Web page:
ISSN (Print) - 0012-9976 | ISSN (Online) - 2349-8846

Articles By Renu Kohli

Managing Capital Flows, c.2010: Policy Options for India

With the emergence of a "two-speed" world in the aftermath of the 2008 crisis, financial flows are expected to flood emerging markets' shores, including those of India which has positive growth and interestrate differentials vis-à-vis the advanced countries. This article discusses existing policy options for India and concludes by emphasising the need to evolve a medium-term response strategy, one of whose elements include countercyclical fiscal responses.

Supervising the Regulators?

What specific failings, if any, of the current regulatory structure have led to the proposed creation of the Financial Stability and Development Council is a question that needs to be answered by policymakers. Institutional reform is normally triggered by the failure of an existing institution to perform an assigned task or to keep pace with changing times. Has the existing regulatory system coped poorly or not adapted to changes? Looking back, neither institutional failure nor an inability of the present structure to respond to shocks to systemic stability justifies the FSDC.

Financial Integration, Capital Controls and Monetary Independence

It has been argued for India that the increase in capital mobility has made existing controls ineffective, eroding the central bank's influence over the short-term interest rate and that it is time, therefore, to abandon the managed exchange rate regime to regain monetary control. This note shows that the "loss of monetary independence" argument lacks empirical basis. Convergence between India and the rest of the world, though increasing, is as yet incomplete. A variety of tests shows imperfect financial integration, suggesting the Indian economy to be in the intermediate stage, i e, on the transition to full capital mobility, a feature that allows an eclectic monetaryexchange rate policy combination. With no strict trade-offs between the three policy goals posited under the trilemma, there is, as yet, no compromise on monetary independence that would justify a shift towards a free float.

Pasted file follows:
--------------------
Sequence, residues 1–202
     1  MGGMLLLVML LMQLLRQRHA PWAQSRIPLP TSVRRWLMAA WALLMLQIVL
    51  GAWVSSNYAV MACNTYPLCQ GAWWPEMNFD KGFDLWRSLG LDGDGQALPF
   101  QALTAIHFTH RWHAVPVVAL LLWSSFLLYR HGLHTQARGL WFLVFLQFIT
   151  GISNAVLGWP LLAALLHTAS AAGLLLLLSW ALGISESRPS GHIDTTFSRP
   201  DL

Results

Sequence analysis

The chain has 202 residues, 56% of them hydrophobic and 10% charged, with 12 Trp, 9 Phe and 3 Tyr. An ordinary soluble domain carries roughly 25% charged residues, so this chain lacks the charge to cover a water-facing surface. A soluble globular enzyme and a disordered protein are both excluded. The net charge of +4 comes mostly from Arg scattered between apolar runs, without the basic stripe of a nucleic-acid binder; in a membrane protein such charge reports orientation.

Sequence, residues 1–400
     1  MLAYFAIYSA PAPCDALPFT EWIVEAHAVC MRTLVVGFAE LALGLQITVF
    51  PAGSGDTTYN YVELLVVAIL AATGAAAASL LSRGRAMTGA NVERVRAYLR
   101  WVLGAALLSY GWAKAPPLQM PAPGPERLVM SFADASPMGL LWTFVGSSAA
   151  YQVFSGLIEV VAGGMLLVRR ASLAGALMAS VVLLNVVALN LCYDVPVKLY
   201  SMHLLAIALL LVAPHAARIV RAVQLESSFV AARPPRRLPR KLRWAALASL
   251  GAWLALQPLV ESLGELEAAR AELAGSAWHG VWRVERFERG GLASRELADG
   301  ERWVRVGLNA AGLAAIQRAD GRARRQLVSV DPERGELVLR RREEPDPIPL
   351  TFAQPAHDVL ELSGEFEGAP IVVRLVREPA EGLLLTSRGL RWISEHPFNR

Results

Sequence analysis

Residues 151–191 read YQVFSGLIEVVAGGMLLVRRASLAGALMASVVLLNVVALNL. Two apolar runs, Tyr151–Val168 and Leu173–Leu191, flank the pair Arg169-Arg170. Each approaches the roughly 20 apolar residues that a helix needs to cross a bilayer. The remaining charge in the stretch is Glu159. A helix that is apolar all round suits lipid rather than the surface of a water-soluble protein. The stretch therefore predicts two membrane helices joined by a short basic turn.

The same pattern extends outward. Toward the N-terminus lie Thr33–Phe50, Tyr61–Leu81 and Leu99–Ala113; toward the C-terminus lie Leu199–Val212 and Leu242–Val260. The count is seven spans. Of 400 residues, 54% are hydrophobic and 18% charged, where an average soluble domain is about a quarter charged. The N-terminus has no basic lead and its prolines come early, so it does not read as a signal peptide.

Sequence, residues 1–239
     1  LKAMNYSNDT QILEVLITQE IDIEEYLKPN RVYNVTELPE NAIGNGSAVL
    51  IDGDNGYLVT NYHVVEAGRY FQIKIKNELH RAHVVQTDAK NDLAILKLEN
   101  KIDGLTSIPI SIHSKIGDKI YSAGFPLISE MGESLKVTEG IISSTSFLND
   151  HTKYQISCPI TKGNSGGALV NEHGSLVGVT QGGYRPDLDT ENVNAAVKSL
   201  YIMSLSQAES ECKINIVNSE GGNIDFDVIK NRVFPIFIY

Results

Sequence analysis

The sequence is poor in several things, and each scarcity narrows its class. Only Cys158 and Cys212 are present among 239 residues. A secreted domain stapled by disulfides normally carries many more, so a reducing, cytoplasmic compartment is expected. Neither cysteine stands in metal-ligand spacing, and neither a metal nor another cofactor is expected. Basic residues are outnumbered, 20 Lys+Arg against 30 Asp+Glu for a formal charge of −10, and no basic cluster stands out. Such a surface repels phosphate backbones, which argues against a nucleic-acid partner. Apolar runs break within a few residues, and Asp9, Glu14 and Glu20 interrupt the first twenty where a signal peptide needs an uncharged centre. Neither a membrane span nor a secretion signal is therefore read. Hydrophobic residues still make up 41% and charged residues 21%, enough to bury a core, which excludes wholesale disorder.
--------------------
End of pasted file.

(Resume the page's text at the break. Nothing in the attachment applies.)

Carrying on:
Will Interest Rate Cut Work?

Budget 2001-2002 suggests a shift towards monetary policy in reviving an economic downturn, as in advanced economies like the US and Germany. In principle, there is nothing wrong in the use of monetary policy rather than fiscal policy, as the former has shorter lags. The question however is whether the link between investment and interest rates is as tight in India. The second point is the fast disappearing role of public investment as a tool to spur private investment.